Yassin Yassin talks in front of the unfinished house of his nephew Yassin Ismail, a former Lafarge employee kidnapped by militants in 2013, in Ain Issa, in northern Syria, on February 19, 2018. AFP / Delil souleiman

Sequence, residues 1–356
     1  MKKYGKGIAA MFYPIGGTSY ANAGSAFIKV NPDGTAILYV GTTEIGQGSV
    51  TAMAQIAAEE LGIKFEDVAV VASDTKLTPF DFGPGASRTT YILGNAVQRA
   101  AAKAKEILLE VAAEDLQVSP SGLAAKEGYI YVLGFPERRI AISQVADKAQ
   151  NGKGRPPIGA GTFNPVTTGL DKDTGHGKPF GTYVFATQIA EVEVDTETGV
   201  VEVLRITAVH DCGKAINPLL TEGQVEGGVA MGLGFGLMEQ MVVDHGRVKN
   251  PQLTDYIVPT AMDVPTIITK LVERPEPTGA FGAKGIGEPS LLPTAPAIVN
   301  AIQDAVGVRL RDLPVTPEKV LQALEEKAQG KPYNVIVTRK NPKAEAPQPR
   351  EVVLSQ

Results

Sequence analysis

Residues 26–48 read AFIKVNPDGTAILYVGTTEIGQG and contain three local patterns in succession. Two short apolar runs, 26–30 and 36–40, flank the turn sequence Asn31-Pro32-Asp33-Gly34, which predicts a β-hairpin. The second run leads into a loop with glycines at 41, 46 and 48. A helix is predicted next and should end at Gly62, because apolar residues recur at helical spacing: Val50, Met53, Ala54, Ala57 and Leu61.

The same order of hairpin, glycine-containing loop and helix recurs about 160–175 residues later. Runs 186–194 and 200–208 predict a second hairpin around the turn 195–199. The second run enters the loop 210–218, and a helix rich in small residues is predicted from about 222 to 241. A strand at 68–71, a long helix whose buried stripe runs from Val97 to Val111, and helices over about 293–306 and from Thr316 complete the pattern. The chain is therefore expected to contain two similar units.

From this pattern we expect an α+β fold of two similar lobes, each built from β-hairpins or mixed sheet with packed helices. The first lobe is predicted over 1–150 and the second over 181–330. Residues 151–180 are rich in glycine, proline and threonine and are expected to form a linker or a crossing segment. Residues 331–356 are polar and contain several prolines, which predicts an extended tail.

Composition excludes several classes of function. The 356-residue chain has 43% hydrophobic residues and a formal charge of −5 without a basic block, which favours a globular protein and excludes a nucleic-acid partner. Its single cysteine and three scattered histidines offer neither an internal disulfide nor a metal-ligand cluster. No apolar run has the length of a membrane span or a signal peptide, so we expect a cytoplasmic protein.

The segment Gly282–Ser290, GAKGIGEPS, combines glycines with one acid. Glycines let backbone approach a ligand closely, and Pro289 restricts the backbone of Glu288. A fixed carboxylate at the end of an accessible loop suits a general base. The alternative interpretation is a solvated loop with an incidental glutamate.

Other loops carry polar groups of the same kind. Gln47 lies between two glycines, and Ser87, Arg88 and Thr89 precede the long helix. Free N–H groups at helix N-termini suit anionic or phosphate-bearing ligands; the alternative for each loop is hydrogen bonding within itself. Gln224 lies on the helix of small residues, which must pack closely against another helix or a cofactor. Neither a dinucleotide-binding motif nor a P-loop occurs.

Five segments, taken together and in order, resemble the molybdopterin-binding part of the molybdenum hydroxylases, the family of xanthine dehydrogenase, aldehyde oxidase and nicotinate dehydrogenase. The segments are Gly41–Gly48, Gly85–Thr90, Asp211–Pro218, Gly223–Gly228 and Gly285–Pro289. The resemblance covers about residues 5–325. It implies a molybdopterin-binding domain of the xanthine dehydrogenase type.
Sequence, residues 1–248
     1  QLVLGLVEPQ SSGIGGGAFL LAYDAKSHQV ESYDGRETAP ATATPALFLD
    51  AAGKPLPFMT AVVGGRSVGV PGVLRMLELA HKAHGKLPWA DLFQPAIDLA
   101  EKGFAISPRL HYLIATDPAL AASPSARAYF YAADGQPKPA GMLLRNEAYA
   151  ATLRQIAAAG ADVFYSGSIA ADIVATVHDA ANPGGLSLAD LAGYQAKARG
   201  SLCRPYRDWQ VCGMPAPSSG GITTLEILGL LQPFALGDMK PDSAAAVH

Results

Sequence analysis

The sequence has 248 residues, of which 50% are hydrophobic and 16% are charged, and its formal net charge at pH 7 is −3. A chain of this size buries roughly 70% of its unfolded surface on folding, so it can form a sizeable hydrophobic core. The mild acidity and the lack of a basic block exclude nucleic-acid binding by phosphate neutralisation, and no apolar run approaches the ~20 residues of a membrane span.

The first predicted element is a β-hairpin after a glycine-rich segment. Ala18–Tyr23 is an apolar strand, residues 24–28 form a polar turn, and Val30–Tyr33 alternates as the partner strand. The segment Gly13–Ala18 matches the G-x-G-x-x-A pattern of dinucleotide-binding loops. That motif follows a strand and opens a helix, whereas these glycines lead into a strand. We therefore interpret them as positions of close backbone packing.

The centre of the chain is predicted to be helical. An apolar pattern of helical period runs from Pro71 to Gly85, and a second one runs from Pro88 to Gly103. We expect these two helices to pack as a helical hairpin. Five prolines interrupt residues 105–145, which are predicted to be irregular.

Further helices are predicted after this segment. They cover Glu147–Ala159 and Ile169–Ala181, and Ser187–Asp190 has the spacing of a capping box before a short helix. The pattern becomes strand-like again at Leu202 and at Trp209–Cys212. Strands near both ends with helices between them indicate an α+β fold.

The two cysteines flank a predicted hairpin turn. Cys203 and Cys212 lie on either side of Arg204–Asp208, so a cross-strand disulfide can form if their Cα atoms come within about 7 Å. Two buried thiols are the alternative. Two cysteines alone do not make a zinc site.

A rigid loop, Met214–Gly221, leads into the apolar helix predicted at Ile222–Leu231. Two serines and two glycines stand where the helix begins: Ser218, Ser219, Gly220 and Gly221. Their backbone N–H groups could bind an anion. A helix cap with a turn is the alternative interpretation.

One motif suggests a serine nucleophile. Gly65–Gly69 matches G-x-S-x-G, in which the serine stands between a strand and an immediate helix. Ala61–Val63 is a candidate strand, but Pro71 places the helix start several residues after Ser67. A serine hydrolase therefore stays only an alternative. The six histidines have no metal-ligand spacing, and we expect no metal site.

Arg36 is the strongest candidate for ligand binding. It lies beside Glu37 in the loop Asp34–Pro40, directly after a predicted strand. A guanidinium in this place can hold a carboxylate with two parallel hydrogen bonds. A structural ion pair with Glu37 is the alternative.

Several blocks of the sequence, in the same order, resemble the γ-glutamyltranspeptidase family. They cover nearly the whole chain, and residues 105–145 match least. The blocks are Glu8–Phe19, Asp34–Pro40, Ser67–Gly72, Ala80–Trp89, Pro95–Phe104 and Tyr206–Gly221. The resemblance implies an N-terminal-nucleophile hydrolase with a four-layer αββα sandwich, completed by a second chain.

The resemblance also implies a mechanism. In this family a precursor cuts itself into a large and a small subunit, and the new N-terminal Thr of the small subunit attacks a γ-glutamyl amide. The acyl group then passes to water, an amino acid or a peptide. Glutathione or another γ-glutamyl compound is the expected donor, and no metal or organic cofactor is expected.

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Syrian mechanic Yassin Ismail appeared to have an ideal job earning good money as a supervisor for French cement giant Lafarge at the company's remote plant in the deserts of his homeland.Three French judges are investigating allegations that the firm funneled some 13 million euros ($16 million) to armed fighters including Daesh (ISIS) militants to keep the factory working.Six former or current top Lafarge executives have been charged with financing a terrorist organization.The two-story building would have looked impressive in the dusty neighborhood on the fringes of the desert some 30 kilometers away from the Lafarge plant at Jalabiya.Lafarge knew only too well about the perils facing its employees.Ismail is not the only employee who former workers say disappeared.Before the war came to Syria, many ex-Lafarge employees agree, the 680 million euros the firm plowed into the factory brought much-needed investment to the region.
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